This year’s show, which will be held at the Ritz-Carlton, Washington D.C., will feature designs from some of the school’s most prominent alumni, including Leanne Marshall, Project Runway’s season-five winner, and Nick Verreos, a contestant on the show’s 2005 season.
Eighty outfits—both men’s and women’s—will be on display. Many of those will be from Marshall’s winning Project Runway collection; the state society won a bidding war to purchase the line. Our fingers are crossed in hopes that her gorgeous wedding gown from the last episode will make an appearance.
We reach the grand finale—this is it, kids! And with Project Runway’s unclear future on its new home, Lifetime, it really could be the end of Project Runway as we know it. That said, this season has been somewhat dull, and we’re not sad to see it go: When the highlights include Stella’s hammering montages, you know it’s been a bit of a rough ride.
We are, however, excited to see it all come together for the exciting conclusion. The three finalists—Leanne, Korto, and Kenley (this seems like the time to say, “Girl power!”)—are all very different designers, and it’ll be interesting to see what they bring to Bryant Park.
And we’re back! In case you forgot where we were, the show is quick to remind us: Everyone hates Kenley! No one did very well in the last challenge. All four remaining designers get to go home and make full collections for the Bryant Park finale, although one will get eliminated just before the big show. How terribly cruel.
Everyone goes home to start working! Four weeks later, Tim Gunn heads to Arkansas to see Korto, who has a really lovely studio in the middle of the woods. Tim is mostly concerned about some overly suggestive cutouts in the cocktail dress, but otherwise he’s excited and we’re excited about her bright, pretty collection. The two head over to Korto’s house, where a spread has been laid out in Tim’s honor. Awkward communication in front of the camera follows. Tim says goodbye with his signature double-cheek kiss to Korto’s adorable little daughter, Elise.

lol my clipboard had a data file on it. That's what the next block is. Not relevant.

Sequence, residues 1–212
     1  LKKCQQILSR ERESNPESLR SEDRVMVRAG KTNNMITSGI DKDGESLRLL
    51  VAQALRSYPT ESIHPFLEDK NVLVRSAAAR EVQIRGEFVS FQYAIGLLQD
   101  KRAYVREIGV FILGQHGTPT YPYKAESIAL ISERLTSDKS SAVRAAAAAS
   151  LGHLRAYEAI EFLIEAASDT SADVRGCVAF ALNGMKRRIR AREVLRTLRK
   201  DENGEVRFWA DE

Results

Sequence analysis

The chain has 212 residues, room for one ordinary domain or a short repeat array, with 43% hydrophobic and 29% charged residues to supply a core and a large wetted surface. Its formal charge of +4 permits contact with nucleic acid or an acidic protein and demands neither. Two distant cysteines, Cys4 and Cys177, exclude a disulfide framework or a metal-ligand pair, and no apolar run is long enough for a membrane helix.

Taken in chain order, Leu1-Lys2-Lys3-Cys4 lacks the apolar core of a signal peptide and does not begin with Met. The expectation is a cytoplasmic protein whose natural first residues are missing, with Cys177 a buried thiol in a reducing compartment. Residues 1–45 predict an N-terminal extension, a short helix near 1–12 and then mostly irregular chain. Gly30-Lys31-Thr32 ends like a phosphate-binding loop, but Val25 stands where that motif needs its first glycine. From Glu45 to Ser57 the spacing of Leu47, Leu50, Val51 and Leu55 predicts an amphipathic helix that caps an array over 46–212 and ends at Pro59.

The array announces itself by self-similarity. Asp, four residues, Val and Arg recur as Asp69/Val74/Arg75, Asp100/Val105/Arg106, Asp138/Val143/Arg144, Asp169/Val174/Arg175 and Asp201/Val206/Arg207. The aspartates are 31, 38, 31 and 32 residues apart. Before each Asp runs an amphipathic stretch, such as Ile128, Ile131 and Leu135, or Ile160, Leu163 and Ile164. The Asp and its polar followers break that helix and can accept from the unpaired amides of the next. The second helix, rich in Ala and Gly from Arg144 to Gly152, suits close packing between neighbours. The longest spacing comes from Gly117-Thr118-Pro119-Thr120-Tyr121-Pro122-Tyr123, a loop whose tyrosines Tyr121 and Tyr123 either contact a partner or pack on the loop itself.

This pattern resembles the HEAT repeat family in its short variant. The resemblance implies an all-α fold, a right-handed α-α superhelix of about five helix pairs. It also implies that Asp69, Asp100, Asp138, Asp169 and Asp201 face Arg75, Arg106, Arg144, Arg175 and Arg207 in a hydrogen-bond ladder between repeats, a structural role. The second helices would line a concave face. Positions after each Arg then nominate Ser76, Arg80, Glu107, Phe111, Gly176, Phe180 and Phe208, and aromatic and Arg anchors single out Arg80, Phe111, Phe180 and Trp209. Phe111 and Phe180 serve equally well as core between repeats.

For weeks and weeks (and weeks and weeks), we’ve endured Olympians and drag queens, incessant hammering and very ’licious looks (oh, Blayne, we hardly knew ye). And it’s finally boiled down to this show: The final elimination, where three designers will be sent on to Bryant Park, while one will go home.
Now the irony here is, because New York Fashion Week happened in early September and Bravo didn’t want to offer any possible spoilers, all of the designers (along with the now-ousted Joe and Suede) actually showed in Bryant Park. So basically, what’s on the table is that only three of the designers will have their shows shown on TV and the other one will have to settle for rampant Internet exposure. Which seems like a pretty nice tradeoff. But I guess, from Heidi’s standpoint, that’s kind of a mouthful to explain. So let’s just play along.